Many employers know that there are tax credits available for hiring certain types of employees. But they may not realize the level of value these incentives can bring to their company. What is WOTC screening? How much can it really impact a business? Is it worth the effort to participate?
Brief Overview of WOTC
Since 1996, the federal government has used the Work Opportunity Tax Credit program to reduce the federal tax liability of employers who hire individuals from groups that often face obstacles to employment. The WOTC is intended to:
- Provide veterans an easier transition back into the workforce after serving in the armed forces or help them find work after experiencing a service-related disability.
- Help families living at or near the poverty line become more self-sufficient and less reliant on government aid programs such as TANF or SNAP.
- Give at-risk youth in distressed communities a chance for a better future with a good job.
- Assist people who have previously been convicted of felonies so they don’t go back to a life of crime.
How Big Are these Incentives?
Tax credits are available for both part-time and full-time new hires and are calculated based on a percentage of the wages earned and hours worked. As of 2016, the maximum tax credit per new hire was $9,600. This highest level of incentive would apply to hiring a disabled veteran who had been out of work for at least six months out of the one year period prior to the date of hire.
Other designated target groups qualify for different maximum amounts. At the low end of the scale, a WOTC-certified new hire working at least 120 hours in the year could qualify the employer to claim 25% of the first year’s wages for a tax credit of as much as $1,500.That’s still a lot of money compared to the short amount of time it takes to screen new hires and handle the documentation—especially if it is part of a streamlined onboarding process.
How Do Employers Miss Out—and What Can They Do Differently?
There is no limit to the number of qualifying individuals an employer can hire in order to claim these tax credits. But an organization must screen and process job candidates and new hires correctly! Otherwise, they risk losing out on thousands of dollars in tax savings each year.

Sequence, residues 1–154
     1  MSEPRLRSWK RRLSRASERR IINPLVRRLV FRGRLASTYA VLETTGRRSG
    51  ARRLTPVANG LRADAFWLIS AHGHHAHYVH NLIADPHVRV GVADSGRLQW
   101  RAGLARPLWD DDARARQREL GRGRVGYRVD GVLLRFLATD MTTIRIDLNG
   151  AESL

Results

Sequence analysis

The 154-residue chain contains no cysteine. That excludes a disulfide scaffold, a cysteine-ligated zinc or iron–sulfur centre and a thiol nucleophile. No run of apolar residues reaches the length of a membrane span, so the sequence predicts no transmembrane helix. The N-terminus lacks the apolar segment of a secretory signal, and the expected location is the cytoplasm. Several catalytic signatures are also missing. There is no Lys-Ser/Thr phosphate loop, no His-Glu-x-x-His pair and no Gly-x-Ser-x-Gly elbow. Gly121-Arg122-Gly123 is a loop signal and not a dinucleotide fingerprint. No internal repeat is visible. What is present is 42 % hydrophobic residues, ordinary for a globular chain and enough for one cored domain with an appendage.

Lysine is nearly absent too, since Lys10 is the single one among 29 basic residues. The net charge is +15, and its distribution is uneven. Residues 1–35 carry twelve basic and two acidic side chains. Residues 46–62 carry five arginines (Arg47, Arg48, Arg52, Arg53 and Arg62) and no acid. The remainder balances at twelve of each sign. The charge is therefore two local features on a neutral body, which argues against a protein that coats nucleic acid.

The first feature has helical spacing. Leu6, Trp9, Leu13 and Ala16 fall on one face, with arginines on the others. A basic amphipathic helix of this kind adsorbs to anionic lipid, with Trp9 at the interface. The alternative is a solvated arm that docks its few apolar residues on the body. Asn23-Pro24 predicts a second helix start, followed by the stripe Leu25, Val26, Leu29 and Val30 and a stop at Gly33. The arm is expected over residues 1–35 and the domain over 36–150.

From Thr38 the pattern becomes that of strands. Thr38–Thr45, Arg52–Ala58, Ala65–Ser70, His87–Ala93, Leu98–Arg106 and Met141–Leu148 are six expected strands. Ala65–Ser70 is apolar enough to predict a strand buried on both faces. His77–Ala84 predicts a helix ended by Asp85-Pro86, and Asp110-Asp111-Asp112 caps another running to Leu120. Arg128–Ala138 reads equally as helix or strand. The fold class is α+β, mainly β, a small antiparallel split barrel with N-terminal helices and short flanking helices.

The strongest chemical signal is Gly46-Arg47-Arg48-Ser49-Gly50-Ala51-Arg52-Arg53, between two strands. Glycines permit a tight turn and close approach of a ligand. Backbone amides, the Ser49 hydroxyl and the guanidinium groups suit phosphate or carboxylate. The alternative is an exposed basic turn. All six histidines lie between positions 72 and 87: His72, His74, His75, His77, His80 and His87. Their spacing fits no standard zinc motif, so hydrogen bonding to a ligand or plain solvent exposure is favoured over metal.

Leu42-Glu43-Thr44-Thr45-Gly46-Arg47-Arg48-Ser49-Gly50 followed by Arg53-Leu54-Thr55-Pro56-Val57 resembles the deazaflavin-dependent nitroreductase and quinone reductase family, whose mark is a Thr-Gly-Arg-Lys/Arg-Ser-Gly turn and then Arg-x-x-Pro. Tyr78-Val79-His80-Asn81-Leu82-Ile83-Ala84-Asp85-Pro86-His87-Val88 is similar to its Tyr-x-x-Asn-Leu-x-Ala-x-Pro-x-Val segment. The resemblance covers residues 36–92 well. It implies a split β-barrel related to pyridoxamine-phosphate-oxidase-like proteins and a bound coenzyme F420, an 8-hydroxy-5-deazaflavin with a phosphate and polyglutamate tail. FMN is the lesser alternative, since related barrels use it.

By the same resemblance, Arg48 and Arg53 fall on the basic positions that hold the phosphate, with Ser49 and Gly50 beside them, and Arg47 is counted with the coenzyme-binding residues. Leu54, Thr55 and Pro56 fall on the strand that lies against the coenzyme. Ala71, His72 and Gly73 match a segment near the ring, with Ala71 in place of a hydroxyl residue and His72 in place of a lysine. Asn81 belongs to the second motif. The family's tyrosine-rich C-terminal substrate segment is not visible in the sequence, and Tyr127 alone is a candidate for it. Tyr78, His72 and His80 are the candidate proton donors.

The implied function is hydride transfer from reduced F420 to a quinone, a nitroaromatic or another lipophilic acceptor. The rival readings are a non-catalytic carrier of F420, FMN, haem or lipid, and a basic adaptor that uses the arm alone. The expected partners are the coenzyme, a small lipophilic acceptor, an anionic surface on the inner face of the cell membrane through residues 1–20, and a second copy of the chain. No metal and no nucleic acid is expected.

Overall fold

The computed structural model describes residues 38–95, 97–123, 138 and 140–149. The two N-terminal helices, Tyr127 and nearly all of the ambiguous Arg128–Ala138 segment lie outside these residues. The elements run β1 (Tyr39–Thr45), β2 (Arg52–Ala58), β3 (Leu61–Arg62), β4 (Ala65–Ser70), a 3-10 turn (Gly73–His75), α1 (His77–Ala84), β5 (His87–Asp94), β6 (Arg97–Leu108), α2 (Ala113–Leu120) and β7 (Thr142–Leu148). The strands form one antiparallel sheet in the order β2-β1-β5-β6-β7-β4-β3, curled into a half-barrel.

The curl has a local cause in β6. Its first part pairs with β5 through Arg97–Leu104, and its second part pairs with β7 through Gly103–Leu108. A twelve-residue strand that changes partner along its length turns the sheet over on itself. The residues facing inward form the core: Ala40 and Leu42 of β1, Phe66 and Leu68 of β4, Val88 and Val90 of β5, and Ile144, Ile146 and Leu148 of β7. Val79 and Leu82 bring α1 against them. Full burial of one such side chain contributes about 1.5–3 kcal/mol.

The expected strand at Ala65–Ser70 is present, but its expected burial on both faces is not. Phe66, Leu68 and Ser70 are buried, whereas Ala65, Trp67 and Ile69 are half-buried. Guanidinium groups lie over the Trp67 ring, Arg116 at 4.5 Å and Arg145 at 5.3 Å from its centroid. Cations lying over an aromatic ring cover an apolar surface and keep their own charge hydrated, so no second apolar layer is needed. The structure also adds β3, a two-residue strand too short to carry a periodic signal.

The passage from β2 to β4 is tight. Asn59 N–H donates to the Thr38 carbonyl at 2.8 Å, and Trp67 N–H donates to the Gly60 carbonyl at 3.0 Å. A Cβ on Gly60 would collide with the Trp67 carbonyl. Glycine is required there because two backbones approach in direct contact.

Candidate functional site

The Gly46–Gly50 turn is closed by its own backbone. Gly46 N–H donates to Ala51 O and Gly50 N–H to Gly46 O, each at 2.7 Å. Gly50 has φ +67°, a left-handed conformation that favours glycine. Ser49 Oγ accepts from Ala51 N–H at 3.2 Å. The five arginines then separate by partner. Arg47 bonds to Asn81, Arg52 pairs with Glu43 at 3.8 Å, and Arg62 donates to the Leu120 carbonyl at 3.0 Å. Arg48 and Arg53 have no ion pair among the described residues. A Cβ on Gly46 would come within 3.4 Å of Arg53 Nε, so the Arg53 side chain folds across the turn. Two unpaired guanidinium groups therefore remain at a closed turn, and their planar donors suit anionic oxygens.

Employers make two mistakes in this area. They fail to screen job candidates and/or new hires to see whether they meet the certification criteria. Or, they fail to follow up in a timely manner to meet the 28 day filing deadline. To stop overpaying taxes each year, businesses should screen all new hires to see if they are in any of the WOTC target groups.
Employers who want to fully maximize these tax credits may also wish to reach out to local organizations and agencies that specialize in helping eligible individuals find work. This will increase the number of WOTC-qualified candidates being interviewed for jobs. Here are just a few ideas to get started.
- Connect with the state workforce agency to express an interest in hiring WOTC-qualified individuals.
- Post open positions on the Veteran’s Employment Center website and veteran-focused job fairs.
- Work with community leaders who are focused on helping at-risk youth and underprivileged families.
- Reach out to organizations that work with ex-offenders to be added to a list of employers who are open to hiring job candidates who need a second chance.
Above all, make sure the forms 8850 and 9061 are always part of the onboarding process to screen for qualified new hires and capture all available credits. Contact our team today to learn how to make this process as efficient as possible.